I wasn’t committed to breeding Isis last year for several reasons, the first being that she still lives with her original breeder and owner in Texas (I don’t as yet have a physical farm). Second, breeding is expensive. Stud fees aren’t cheap (as little as $500 and as much as $10,000 and more, but typically anywhere between $2,500 to $8,000 for a quality “name-brand” SE stallion), and they don’t include semen shipping, mare care and vet bills, and the cost of caring for a foal, which could be more than $10,000, not including feeding, vet, and in my case, boarding.

Finally, being a complete novice, I would not breed Isis to any horse that I didn’t see in person, something that experienced breeders usually won’t do either. And in the fall of 2005, I hadn’t seen that many stallions. There were the eight breeding stallions at Arabians Ltd., but one of the studs is Isis’ sire Thee Infidel, and another is her grandsire (and Thee Infidel’s sire), Thee Desperado, the horse featured in my first article. Three more were Thee Desperado sons. Another, Bellagio RCA, has a dam who is a daughter of Thee Desperado. The dam of another stallion, Alixir, was a daughter of Thee Desperado’s sire, The Minstril. Isis’ dam is also a Minstril daughter.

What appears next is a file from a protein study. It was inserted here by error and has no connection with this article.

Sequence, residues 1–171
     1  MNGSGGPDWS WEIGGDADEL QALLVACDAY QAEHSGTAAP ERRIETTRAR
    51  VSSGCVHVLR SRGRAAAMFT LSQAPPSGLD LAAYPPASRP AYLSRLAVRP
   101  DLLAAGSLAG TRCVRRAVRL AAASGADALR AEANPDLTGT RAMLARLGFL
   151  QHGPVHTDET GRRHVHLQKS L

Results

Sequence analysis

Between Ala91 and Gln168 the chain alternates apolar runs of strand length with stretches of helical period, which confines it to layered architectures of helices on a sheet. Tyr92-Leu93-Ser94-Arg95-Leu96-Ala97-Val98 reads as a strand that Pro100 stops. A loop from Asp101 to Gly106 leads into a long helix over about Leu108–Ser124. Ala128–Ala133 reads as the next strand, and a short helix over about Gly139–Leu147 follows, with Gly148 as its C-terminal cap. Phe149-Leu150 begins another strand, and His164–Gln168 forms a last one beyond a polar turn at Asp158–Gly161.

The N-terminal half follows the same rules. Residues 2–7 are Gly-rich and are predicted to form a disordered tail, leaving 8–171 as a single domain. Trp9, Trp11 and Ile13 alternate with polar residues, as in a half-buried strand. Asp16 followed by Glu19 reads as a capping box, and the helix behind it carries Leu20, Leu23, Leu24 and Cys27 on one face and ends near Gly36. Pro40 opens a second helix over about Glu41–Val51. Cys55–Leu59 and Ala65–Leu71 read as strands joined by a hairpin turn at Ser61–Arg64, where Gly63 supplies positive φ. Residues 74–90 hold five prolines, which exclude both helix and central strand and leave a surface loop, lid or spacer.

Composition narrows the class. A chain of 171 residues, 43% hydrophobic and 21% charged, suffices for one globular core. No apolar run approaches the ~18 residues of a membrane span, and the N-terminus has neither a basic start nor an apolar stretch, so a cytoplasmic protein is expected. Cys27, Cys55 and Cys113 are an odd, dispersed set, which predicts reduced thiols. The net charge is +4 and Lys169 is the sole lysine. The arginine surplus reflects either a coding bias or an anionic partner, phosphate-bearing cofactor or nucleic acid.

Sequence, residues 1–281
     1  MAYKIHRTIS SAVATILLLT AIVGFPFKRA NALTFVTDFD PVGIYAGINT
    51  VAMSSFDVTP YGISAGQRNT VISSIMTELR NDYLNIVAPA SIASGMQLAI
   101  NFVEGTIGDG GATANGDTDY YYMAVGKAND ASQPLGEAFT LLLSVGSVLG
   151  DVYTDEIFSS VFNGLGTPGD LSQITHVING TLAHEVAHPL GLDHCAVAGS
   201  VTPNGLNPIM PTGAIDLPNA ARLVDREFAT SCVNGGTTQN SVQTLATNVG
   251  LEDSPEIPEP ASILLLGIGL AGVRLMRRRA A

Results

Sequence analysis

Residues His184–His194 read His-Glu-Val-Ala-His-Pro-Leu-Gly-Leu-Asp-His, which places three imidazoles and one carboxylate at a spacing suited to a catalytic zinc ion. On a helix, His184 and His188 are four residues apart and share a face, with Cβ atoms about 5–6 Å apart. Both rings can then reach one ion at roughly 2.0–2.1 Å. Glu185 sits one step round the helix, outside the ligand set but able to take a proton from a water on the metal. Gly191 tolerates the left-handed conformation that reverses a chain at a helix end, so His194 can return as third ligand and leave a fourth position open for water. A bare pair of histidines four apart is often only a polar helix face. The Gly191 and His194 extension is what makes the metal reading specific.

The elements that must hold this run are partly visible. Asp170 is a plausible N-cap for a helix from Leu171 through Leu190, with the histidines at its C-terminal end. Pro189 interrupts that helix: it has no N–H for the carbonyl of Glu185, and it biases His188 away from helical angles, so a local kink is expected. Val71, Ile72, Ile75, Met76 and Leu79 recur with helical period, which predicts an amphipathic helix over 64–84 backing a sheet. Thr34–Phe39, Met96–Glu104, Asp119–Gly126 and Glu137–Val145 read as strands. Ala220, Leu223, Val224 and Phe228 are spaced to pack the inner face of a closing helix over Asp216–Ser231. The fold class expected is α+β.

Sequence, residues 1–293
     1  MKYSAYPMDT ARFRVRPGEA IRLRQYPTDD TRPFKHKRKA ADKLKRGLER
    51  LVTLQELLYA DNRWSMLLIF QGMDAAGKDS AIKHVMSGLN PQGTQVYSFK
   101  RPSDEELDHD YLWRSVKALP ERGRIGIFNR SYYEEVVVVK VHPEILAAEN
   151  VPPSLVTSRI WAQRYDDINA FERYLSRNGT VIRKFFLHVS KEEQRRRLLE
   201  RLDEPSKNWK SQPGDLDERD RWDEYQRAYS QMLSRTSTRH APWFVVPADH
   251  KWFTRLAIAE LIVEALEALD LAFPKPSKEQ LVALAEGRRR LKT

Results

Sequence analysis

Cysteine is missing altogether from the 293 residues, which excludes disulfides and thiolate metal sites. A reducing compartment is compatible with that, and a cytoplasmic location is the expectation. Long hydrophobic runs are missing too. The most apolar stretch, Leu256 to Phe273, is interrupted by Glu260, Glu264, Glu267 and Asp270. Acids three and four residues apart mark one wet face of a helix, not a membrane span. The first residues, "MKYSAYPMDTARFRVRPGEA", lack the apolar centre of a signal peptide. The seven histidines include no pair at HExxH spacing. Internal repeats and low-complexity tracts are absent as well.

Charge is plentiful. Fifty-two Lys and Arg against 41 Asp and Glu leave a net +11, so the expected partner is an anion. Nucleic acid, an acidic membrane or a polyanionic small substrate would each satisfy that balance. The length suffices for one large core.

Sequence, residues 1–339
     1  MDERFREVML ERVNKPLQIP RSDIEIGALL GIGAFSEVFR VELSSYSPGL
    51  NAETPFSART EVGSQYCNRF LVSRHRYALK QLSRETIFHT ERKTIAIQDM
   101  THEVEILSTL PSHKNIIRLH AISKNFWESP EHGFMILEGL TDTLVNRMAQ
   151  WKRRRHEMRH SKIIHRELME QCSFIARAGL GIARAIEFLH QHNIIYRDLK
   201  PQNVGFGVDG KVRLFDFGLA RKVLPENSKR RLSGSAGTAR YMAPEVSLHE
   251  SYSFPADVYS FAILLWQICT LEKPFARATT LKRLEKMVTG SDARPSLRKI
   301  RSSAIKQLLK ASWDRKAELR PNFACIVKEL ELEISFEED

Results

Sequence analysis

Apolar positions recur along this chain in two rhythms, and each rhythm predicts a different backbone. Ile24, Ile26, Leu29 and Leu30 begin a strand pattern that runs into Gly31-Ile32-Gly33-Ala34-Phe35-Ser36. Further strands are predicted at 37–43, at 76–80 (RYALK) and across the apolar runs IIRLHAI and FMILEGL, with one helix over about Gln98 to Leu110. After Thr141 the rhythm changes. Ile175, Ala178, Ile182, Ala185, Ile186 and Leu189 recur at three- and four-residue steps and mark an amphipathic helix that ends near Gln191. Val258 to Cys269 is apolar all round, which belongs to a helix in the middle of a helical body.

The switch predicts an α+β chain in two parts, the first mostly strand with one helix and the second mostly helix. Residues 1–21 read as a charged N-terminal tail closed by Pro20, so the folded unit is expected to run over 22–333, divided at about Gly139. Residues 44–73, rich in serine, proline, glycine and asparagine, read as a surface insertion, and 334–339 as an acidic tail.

Arabians Ltd.’s primary outcross stallion at the moment is a German-bred stallion, Mishaal HP, and while he is a beautiful stallion with the sort of head you’d see in Greek sculpture, I declined choosing him for two reasons. One, I didn’t feel (and intuition is all I had at that point) Mishaal would improve on Isis and might inadvertently magnify her conformational weaknesses, particularly in her croup and length of hip*.

Second, there are so many broodmares with bloodlines similar to Isis that I was concerned that breeding her to the Arabians Ltd. endorsed outcross stallion meant I would be competing unnecessarily with too many other offspring. I know people say a great horse is a great horse, but when your foal is part of the glut of pretty good horses, you find yourself trying to sell your foal in the trade classifieds for less than the cost you forked out to get your mare bred in the first place.

*The croup, which is the horse’s rump, and the length of hip determine a horse’s ability to propel itself—in other words, if you compared a horse to a car, its rear would act as the engine and its back as the transmission—which is why you want a short back as well. Isis’ croup and length of hip are not bad—she actually moves really well—but I wanted to find a stud that could improve rather than potentially do the opposite.